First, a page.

Kingella kingae: A type of bacteria that has emerged from obscurity to become known as an important cause of invasive infections in young children. These infections include especially septic arthritis (infection of joints), osteomyelitis (infection of bone), spondylodiscitis (infection of the spine and discs), bacteremia (infection of the bloodstream), and endocarditis (infection of the heart valves). Less frequently, Kingella kingae is responsible for lower respiratory tract infections and meningitis.
Kingella kingae is part of the bacterial flora of the pharynx (throat) in young children and is transmitted from child-to-child. The clinical presentation of disease due to Kingella kingae is often subtle so that making the diagnosis requires a high index of suspicion. A substantial fraction of children with invasive Kingella kingae infections have a recent history of stomatitis (inflammation within the mouth) or have had symptoms of an upper respiratory infection).
To compound the problem in making a diagnosis, the initial laboratory tests are frequently normal. The isolation and recognition of Kingella kingae in the laboratory need to take into account the fact that the organism is fastidious in its culture requirements. To optimize the chance of culturing Kingella kingae, the inoculation of fluid from infected joints into blood culture vials is strongly recommended.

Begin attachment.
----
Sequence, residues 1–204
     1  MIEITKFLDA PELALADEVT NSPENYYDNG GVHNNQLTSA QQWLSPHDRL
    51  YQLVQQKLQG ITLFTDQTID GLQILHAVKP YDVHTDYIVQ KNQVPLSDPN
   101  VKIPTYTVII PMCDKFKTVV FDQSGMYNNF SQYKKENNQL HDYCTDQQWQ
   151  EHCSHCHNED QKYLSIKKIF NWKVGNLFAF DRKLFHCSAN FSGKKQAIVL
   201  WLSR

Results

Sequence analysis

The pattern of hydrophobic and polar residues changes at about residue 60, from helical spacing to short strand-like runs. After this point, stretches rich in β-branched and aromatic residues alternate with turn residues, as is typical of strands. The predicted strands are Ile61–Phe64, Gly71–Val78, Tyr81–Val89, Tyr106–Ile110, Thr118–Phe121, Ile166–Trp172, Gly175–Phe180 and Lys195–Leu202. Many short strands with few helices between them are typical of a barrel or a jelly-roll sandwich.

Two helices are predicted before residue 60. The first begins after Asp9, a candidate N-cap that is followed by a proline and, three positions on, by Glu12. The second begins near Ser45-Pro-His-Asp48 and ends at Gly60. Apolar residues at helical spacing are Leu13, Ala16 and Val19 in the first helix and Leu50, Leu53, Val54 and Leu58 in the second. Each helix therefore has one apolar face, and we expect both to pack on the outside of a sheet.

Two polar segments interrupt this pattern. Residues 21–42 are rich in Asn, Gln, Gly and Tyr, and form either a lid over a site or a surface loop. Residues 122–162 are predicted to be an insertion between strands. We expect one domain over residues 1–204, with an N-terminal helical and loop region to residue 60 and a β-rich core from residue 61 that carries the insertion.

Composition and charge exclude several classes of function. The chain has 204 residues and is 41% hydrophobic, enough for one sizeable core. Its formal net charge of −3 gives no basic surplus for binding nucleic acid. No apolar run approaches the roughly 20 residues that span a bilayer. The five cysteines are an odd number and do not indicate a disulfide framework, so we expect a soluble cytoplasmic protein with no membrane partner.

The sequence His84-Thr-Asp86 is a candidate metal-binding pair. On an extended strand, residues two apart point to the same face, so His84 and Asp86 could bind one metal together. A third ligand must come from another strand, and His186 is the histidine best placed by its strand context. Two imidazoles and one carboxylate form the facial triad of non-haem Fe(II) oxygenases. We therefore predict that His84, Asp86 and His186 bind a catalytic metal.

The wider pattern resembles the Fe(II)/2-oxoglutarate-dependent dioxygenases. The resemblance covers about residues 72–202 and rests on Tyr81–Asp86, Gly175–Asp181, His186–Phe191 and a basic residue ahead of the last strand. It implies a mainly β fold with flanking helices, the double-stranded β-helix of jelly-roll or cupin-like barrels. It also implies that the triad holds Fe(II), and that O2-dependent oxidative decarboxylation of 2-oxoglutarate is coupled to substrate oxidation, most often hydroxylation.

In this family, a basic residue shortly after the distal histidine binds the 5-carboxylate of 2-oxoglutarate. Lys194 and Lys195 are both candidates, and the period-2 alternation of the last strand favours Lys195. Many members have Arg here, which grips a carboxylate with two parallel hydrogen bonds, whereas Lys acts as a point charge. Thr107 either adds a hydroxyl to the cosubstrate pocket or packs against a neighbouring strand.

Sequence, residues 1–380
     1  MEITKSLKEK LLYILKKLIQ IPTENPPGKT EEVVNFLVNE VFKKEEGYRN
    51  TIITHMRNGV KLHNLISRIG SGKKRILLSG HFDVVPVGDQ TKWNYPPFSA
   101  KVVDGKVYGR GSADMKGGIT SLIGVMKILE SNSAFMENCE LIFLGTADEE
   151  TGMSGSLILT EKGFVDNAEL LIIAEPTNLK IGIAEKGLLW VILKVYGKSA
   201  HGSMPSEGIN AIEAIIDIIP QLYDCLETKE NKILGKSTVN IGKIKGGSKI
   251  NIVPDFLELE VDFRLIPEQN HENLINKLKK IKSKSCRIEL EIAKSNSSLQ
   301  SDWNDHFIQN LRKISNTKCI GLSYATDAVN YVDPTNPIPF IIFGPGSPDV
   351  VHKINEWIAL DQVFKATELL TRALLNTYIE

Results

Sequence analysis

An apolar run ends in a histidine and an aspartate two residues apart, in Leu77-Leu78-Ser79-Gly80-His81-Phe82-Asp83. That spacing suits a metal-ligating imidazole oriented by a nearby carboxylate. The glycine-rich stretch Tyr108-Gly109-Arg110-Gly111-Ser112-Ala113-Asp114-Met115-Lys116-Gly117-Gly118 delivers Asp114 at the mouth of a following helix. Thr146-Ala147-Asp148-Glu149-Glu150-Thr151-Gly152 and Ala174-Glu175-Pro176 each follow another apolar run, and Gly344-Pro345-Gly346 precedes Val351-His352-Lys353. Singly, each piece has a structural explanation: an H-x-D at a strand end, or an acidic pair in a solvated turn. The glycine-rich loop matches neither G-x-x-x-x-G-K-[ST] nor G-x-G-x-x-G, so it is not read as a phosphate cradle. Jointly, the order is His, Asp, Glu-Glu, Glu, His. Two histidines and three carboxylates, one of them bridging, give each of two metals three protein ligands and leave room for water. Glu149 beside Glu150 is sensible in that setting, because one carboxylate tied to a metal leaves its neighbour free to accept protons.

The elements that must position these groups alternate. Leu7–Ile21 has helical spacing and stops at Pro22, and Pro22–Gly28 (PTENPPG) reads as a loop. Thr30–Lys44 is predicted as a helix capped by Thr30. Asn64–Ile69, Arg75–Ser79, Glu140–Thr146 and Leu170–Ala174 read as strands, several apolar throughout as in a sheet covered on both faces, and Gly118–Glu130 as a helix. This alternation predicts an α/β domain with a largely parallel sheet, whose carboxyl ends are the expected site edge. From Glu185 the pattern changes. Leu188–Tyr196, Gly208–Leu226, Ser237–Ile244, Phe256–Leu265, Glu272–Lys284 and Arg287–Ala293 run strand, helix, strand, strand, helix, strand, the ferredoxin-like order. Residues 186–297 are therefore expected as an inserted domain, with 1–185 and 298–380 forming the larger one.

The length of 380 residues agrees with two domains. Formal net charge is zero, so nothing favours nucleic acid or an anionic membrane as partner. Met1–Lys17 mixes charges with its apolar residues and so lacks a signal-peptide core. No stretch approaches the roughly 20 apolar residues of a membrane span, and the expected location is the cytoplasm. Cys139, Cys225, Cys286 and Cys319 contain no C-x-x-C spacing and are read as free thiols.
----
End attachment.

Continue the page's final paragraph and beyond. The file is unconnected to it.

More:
Kingella kingae is susceptible to a wide array of antibiotics that are usually given empirically to young children including beta lactams. With the notable exception of cases of endocarditis (heart valve infection), the invasive infections caused by Kingella kingae usually run a benign clinical course.
Kingella kingae took the slow track to notoriety as an emerging pathogen. First isolated in 1960, it took until the 1990s for the bacterium to be recognised as a frequent cause of endocarditis and skeletal infections. It is thought that improved culture techniques, rather than epidemic spread of the organism, account for its rising recognition.
On a technical level, it might be mentioned that Kingella kingae is a member of the HACEK group of Gram-negative bacteria. The HACEK goup takes it name from its members, namely Haemophilus spp., Actinobacillus actinomycetemcomitans, Cardiobacterium hominis, Eikenella corrodens, and Kingella kingae. All these bacteria share the same fastidious culture requirements and, more importantly, they share the ability to infect the human heart valve.